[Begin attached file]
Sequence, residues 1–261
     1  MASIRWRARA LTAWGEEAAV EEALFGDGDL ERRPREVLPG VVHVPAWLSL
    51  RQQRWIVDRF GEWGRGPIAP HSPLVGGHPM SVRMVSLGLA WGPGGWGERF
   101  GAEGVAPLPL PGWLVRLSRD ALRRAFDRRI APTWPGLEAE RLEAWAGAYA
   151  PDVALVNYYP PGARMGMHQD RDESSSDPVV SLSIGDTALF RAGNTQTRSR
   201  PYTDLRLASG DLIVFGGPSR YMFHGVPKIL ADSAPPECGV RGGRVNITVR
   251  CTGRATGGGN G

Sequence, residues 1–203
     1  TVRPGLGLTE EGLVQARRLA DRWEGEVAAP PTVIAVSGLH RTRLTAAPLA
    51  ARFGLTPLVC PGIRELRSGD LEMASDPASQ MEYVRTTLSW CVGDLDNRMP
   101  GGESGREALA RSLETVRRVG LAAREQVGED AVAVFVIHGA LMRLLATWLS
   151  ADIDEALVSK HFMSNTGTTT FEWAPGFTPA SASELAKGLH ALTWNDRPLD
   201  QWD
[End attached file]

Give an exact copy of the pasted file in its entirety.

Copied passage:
Sequence, residues 1–261
     1  MASIRWRARA LTAWGEEAAV EEALFGDGDL ERRPREVLPG VVHVPAWLSL
    51  RQQRWIVDRF GEWGRGPIAP HSPLVGGHPM SVRMVSLGLA WGPGGWGERF
   101  GAEGVAPLPL PGWLVRLSRD ALRRAFDRRI APTWPGLEAE RLEAWAGAYA
   151  PDVALVNYYP PGARMGMHQD RDESSSDPVV SLSIGDTALF RAGNTQTRSR
   201  PYTDLRLASG DLIVFGGPSR YMFHGVPKIL ADSAPPECGV RGGRVNITVR
   251  CTGRATGGGN G

Sequence, residues 1–203
     1  TVRPGLGLTE EGLVQARRLA DRWEGEVAAP PTVIAVSGLH RTRLTAAPLA
    51  ARFGLTPLVC PGIRELRSGD LEMASDPASQ MEYVRTTLSW CVGDLDNRMP
   101  GGESGREALA RSLETVRRVG LAAREQVGED AVAVFVIHGA LMRLLATWLS
   151  ADIDEALVSK HFMSNTGTTT FEWAPGFTPA SASELAKGLH ALTWNDRPLD
   201  QWD